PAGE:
- A hydraulically operated bucking unit with 15in-diameter pass through and a torque capability up to 160,000ft lbf.
- A skid-mounted, electrically powered hydraulic power supply unit.
- A control panel with torque process controller and torque/turn recording system.
- Two single-joint pipe racks located either side of the bucking unit.
- A hydraulically operated, inclined tip/table for moving pipe joints from the single joint pipe rack to the pipe feeding facility.
- A pipe feeding system consisting of custom designed hydraulic jack stands to move pipe horizontally in and out of the bucking unit.
- A double pipe rack to receive made-up joints from the bucking machine.
The reduction in on-location, drill floor pipe handling has several advantages for an operator’s commitment to safety, environmental stewardship and operational efficiency:
Improved waste water management. Storage compounds for pipe joints must be washed off and replaced with a running compound prior to downhole deployment, which introduces challenges for the safe handling of waste fluids. Washing pipe offshore requires capturing the waste fluid and ensuring that it is not washed off the rig floor and into the sea. Onshore pipe cleaning, in a controlled environment, eliminates the risk of overboard discharge, significantly lowers transportation and disposal costs and allows for appropriate oil/water segregation and recycling.
Safety. In its 2011 Summary of Occupational Incidents report for the Asia-Pacific offshore region, the International Association of Drilling Contractors found that 36% of recordable incidents occurred on the rig floor, and 10% occurred on or near the pipe deck. This comes into clearer focus when one considers that space constraints on a rig floor force many operators to stack pipe five to six joints high. Thus when preparing pipe offshore Australia, rig personnel walking on the casing are working at heights of 1.5m or higher, which increases the risk of twisted ankles or falls.
Making-up pipe onshore allows for safer handling of pipe joints, and additionally, reduces the amount of rotary table (RT) activity on the rig floor. Further safety improvements are realized by the hands-free makeup systems afforded by tubular management services. Onshore pipe preparation can be performed under more controlled environmental conditions, such as under a canopy, to protect field personnel from the risk of heat stress that is common in the Australian summer, when temperatures can reach 50°C.
Improved logistics. Preparing the pipe offshore on the rig requires that it be there five to six days prior to running in the hole to allow sufficient prep time, which introduces deck loading issues and scheduling challenges for boats and crews. Prepping the pipe onshore at the yard avoids these logistics hurdles, and less activity on the rig floor helps reduce maintenance costs associated with rig floor machinery by reducing the number of connections made-up at the rotary table and extending the operating life of rig equipment. In addition, it reduces the number of days tubular running personnel are required onboard the rig to assist with pipe preparations, providing cost savings and reducing risk, particularly during Australia’s cyclone season when rig headcount should be kept to a minimum.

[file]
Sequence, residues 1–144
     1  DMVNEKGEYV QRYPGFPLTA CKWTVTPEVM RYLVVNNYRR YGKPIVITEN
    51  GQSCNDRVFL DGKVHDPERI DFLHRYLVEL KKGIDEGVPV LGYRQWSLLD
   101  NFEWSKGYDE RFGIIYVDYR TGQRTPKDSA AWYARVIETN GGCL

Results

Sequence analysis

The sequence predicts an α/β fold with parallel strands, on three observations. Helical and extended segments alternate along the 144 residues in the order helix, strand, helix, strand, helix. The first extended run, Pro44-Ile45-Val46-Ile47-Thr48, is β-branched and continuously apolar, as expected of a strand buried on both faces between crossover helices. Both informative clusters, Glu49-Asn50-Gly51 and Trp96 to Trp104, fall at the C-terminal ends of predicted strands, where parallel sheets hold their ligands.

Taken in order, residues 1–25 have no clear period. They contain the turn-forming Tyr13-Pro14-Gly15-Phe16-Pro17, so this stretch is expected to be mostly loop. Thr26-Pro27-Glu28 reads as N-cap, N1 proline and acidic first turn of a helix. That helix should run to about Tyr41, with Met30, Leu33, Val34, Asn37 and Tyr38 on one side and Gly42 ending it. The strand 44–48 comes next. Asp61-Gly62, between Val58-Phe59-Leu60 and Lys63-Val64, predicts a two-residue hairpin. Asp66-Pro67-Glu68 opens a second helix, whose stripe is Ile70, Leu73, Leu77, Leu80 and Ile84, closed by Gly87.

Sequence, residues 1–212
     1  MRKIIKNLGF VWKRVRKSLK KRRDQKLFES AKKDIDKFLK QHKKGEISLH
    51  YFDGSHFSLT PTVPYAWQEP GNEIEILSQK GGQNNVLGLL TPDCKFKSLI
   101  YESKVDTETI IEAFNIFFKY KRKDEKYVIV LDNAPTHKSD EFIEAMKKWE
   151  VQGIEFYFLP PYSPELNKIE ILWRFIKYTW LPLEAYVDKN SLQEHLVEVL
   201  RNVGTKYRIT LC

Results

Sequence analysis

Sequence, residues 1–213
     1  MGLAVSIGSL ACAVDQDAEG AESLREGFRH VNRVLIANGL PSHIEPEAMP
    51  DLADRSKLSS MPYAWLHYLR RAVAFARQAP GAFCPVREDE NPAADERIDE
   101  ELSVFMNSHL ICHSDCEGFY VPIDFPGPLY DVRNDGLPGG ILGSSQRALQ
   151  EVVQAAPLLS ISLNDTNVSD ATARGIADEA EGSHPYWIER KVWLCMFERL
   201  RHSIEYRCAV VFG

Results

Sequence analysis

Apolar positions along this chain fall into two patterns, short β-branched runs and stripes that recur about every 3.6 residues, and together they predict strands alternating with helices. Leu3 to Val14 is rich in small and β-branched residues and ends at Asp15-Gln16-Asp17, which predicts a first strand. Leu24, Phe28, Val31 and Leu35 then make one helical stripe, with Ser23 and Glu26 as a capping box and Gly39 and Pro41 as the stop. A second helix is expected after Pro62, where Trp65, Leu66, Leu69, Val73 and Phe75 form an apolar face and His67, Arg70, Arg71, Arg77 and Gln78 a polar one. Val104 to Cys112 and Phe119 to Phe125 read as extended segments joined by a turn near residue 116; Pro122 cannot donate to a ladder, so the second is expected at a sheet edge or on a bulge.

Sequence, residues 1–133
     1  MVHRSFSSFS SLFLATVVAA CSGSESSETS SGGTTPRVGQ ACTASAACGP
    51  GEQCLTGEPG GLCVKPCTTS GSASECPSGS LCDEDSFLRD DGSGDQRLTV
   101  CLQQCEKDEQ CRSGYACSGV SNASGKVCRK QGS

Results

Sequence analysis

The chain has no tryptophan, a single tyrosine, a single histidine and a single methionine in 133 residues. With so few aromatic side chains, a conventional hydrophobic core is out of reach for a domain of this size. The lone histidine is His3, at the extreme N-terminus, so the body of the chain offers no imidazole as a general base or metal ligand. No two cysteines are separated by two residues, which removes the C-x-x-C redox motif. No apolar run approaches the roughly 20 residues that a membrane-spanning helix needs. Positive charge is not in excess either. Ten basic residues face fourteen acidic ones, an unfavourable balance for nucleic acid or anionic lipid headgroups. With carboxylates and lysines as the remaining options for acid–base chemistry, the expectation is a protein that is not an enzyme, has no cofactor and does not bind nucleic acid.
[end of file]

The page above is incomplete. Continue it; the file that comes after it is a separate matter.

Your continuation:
Further logistics and running time improvements are realized by prepping and moving doubles or triples to the rig, in a ready-to-run state. Running ready-made stands of doubles or triples also reduces running time, which translates to corresponding reductions in the amount of ‘open hole’ time. Further, it reduces wellbore conditioning and cleaning costs while enhancing safety, and rig time savings that reduce time to production. Similar savings are realized when shipping doubles or triples back to the shipyard for breakout into singles, rather than breaking them down on the rig. Given the high operating spread rates in Australia, even small time savings translate to significant cost savings.
Full inventory control and yard management. A subset of logistics benefits provided by tubular management services is the complete tracking of pipe inventory, down to the sequence in which it will be run in the hole. Each joint or joint multiple is tracked at every stage, from prep in the yard to downhole deployment.
With the level of QA/QC assurance provided by this service, a reduction in contingency tubular plans bring added benefits and cost savings.